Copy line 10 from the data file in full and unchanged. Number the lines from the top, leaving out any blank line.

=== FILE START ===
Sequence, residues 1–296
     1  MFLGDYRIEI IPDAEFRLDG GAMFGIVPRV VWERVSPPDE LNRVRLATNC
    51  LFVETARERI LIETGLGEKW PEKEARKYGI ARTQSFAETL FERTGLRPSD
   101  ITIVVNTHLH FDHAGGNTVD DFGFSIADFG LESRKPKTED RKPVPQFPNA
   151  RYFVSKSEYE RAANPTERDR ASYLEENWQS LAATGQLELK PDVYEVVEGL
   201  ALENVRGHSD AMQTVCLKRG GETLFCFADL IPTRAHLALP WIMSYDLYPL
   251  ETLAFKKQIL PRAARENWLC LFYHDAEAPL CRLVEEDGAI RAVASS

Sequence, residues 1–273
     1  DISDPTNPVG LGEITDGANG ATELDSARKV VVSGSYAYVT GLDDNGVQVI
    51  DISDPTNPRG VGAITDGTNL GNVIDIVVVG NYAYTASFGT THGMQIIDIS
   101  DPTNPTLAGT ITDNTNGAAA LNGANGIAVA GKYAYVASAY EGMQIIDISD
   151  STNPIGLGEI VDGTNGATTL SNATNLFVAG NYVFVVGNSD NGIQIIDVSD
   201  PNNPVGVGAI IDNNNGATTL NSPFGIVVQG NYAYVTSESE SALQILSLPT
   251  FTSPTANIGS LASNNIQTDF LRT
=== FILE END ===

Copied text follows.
    51  DISDPTNPRG VGAITDGTNL GNVIDIVVVG NYAYTASFGT THGMQIIDIS